How do I check in on a friend after a funeral?

Published: 28/6/2023
How do I check in on a friend after a funeral?
How do I check in on a friend after a funeral?

Losing a loved one is one of the most difficult experiences anyone can go through. Whether it's a parent, sibling, partner or friend, grief can be overwhelming and all-consuming. As you navigate the process of grief, it's important to remember that you're not alone. Your friends and loved ones are there to support you, even if it feels like they're not sure how.  

If you have a friend who has recently lost someone, you might be wondering how to check in on them after the funeral. It can be tough to know what to say or do, remember your friend will appreciate your efforts to reach out and offer support.   

Here are some tips on how to check in on a friend after a funeral in a way that is empathetic, understanding, and respectful.

Start with a message or phone call 

One of the easiest ways to check in on a friend after a funeral is to simply send a message or give them a call. Start by acknowledging that you know this is a difficult time for them and that you're thinking of them.  

Everyone grieves differently and your friend might not feel like talking. If they don't respond right away, don't take it personally. They might just need some time to process their emotions. Keep the lines of communication open and let them know that you're there for them whenever they're ready.

Offer practical support

When someone is grieving, it can be hard to take care of day-to-day tasks. Offering practical support can be a big help, whether it's cooking a meal, helping with household chores or running errands for them. If you're not sure what your friend needs, ask them. They might appreciate someone taking care of the little things so they can focus on their grief.  

An example of what to say could be, "I know this is a difficult time for you, and I want to help in any way I can. Is there anything you need help with right now? Maybe I could run some errands for you or bring over a meal?"

RELATED ARTICLE: 30 things I wish someone had told me about grief

Listen without judgement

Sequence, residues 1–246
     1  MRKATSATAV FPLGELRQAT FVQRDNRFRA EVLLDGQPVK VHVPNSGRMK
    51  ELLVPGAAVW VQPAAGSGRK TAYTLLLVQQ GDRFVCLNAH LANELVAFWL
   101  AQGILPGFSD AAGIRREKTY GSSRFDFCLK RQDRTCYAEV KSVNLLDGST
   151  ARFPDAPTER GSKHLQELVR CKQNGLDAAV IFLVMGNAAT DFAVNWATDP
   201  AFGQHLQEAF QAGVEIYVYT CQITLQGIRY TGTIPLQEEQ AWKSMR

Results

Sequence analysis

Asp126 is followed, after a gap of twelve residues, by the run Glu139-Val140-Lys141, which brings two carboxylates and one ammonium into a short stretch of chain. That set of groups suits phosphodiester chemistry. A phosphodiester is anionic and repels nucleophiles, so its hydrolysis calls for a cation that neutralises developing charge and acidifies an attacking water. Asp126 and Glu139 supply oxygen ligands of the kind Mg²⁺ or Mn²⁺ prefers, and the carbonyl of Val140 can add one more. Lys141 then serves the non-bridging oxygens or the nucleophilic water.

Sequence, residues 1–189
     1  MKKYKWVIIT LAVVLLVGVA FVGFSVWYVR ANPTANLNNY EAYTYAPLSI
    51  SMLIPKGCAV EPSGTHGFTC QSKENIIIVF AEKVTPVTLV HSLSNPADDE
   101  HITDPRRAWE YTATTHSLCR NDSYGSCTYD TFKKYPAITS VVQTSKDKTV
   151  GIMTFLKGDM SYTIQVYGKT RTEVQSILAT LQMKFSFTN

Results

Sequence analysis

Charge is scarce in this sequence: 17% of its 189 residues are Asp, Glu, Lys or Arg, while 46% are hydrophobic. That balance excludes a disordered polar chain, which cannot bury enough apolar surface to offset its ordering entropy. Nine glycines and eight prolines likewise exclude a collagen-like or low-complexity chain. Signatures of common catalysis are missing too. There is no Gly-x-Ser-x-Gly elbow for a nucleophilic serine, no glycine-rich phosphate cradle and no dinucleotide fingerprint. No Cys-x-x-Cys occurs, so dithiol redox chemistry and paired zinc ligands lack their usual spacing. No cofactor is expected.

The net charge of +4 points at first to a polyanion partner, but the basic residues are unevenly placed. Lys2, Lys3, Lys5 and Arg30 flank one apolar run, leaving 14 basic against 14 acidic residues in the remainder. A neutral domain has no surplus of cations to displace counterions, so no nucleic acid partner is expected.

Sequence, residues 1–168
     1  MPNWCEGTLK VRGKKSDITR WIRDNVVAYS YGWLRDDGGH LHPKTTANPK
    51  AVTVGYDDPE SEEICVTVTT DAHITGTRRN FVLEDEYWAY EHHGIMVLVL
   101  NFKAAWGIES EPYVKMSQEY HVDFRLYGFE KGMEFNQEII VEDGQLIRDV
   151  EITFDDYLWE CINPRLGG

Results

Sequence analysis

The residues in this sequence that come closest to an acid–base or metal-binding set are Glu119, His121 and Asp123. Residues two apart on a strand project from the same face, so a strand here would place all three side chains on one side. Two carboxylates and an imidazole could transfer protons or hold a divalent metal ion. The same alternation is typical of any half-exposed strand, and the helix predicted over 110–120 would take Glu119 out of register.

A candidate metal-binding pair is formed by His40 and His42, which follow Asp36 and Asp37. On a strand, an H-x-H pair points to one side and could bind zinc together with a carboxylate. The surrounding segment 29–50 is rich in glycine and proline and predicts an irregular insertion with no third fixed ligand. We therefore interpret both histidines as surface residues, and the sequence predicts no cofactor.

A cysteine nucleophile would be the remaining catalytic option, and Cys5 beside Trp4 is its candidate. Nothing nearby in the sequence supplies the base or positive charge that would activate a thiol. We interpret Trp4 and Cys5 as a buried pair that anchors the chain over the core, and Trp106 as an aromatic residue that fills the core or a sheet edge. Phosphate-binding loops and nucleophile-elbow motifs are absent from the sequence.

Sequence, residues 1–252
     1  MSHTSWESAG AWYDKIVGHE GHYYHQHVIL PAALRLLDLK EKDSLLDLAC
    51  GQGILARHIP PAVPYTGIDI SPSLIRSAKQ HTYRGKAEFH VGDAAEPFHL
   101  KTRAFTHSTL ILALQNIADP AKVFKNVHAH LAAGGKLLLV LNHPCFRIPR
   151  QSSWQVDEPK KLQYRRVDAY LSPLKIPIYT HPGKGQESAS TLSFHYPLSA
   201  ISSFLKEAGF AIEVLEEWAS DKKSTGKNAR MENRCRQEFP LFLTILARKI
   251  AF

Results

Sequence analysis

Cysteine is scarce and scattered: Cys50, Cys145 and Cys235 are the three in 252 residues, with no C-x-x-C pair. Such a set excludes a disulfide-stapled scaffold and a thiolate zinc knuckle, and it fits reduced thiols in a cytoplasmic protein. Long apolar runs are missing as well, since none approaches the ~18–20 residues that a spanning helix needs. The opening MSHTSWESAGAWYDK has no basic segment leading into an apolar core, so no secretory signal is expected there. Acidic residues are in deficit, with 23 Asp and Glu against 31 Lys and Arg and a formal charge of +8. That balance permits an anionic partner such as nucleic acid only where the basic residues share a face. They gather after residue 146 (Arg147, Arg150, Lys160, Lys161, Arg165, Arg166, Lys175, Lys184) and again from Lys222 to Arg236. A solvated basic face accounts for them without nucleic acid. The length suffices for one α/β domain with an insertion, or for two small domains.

When your friend is ready to talk, make sure you listen without judgement. Grief can be messy and your friend might have a lot of conflicting emotions that they need to work through. Avoid trying to offer unsolicited advice or telling them how they should feel. Instead, just listen and let them know that you're there for them.  

Start with saying, "I'm here to listen if you want to talk. You don't have to say anything if you don't want to, but I'm here to support you in any way I can."    

How do I check in on a friend after a funeral?
How do I check in on a friend after a funeral?

Respect their boundaries

It's important to respect your friend's boundaries during this time. If they don't feel like talking, don't push them. If they need some alone time, give them space. Everyone processes grief differently, and your friend might need to do things on their own terms. Let them know that you're there for them, but also give them the space they need to grieve.  

An example of what to say is, "I understand if you need some time to yourself right now. Just know that I'm here for you whenever you're ready to talk."

Check in regularly 

After the funeral, it's important to continue checking in on your friend regularly. Grief doesn't just disappear after a few days or weeks. It can take months or even years to fully process the loss of a loved one. Keep the lines of communication open and remind yourself there is no right or wrong way to grieve and to offer ongoing support.    

Grief is a process that takes time. Checking in on your friend after the funeral is just the beginning. Make sure to continue to be there for them in the coming weeks, months, and even years. Offer ongoing support and let them know that you're there for them whenever they need you.      

To find support:  

Beyond Blue provides Australians with information and support to improve their mental health. Call 1300 22 46 36 or visit beyondblue.org.au for more information.  

Lifeline Australia provides Australians experiencing a personal crisis with access to 24-hour crisis support. Call 13 11 14 or visit lifeline.org.au for more information.  

GriefLine listens, cares and supports people experiencing loss and grief, at any stage in life. Call 1300 845 6am to midnight AEST, 7 days a week.  

MensLine Australia is a professional telephone and online support and information service for Australian men. Call 1300 78 99 78, 24 hours / 7 days a week.  

Kids Helpline is a free 24/7, confidential and private counselling service Australia wide specifically for children and young people aged 5 to 25 years. Call 1800 55 1800.  

Life Supports Counselling provides Australians with experienced counsellors & psychologists in their local area Australia-wide. Call 1300 735

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